BBC backtracks on plans to bin pre-recorded programming on Parliament channel

BBC backtracks on plan to cut programming on Parliament channel

The BBC has U-turned on plans to cut some programming from its Parliament channel, announced earlier this year.

In a memo published by the Department for Digital, Culture, Media and Sport Committee today, the broadcaster said it had reflected on its decision and decided that daily and weekly summary programmes on BBC Parliament provided “reflection” and “clarity” for audiences.

It added that its coverage of the Speaker’s Lectures would continue and that it was considering what the mix of programming on BBC Parliament should look like. 

DCMS Committee chairman Damian Collins said: “Since our evidence session in Salford [in Manchester] last month we have had assurances that changes to BBC Parliament announced earlier this summer may be dropped or amended.

“The BBC had stated that daily and weekly summary programmes on BBC Parliament may be cut. In supplementary evidence published by us today the BBC states that it now believes that these programmes should continue as they provide ‘important reflection and clarity for audiences.

“We welcome this change of heart. BBC Parliament has a unique importance to Parliament and the many viewers wishing to see their democratic institution at work on their behalf.

“We also welcome the BBC’s announcement that it is ‘still working through’ the precise mix of programming on BBC Parliament in the future.”

The BBC announced £1.9m of cuts to political programming in July that led to 23 redundancies and changes to the flagship Daily and Sunday Politics programmes.

Sunday politics became a half-an-hour long show – cutting its run time by 45 minutes. It airs at 11am after the Andrew Marr Show.

Politics Live, hosted by Jo Coburn, replaced the hour-long Daily Politics show and cut its airtime by a quarter of an hour.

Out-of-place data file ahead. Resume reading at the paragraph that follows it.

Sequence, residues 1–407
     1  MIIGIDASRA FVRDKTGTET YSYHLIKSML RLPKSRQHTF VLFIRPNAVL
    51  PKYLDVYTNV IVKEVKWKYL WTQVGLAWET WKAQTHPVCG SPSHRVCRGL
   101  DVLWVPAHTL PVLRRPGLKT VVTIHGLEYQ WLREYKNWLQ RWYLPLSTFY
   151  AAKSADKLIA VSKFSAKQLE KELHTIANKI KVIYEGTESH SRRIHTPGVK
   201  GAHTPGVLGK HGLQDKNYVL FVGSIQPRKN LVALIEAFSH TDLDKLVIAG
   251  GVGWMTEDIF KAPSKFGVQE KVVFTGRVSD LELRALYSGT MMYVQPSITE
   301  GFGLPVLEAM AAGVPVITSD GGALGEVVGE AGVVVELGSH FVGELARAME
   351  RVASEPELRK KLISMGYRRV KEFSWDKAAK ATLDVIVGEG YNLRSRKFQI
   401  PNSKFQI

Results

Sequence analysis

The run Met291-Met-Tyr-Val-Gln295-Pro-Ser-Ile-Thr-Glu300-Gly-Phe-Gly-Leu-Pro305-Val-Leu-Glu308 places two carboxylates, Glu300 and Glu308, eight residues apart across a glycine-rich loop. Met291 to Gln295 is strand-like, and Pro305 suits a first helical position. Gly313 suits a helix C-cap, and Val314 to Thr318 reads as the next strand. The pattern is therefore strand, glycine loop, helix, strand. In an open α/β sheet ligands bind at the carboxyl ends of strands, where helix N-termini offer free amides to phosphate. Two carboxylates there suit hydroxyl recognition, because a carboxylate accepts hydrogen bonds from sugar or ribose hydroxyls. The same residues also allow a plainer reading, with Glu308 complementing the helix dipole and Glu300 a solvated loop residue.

In its memo, the public broadcaster said the cuts were part of its plan to make £800m of savings by 2021/22.

It read: “As you know, we have been clear about the need to make difficult savings – £800m by the end of the charter period.

“We are working hard at this and are well on our way as we explained to the committee. This does mean making difficult choices. It is our duty to keep looking at our programming and assessing what we can do to make our services better and more efficient for our audiences.

“With this in mind, we announced changes to BBC Parliament before summer recess that would see live and replayed coverage of Parliament and the devolved parliaments and assemblies continue on the channel but discontinue specifically edited programmes.

“Having reflected on this over the summer, we now believe that the edited daily and weekly summary programmes should continue as they provide important reflection and clarity for audiences.

“We will also seek ways of bringing them to a wider audience, in addition to their current transmissions on the BBC News Channel and BBC One overnight.”

Broadcast teams working on the regional editions of Sunday Politics will also have the ability to go live if it is “editorially justified”.

As part of its political programming reforms, a new BBC digital team will make podcasts on politics and Parliament for mobile audiences.

BBC Parliament also revealed that it was looking at working with the website team to make it easier for audiences to find debates and updates to legislature going through Parliament.

Picture: Parliament TV/Reuters



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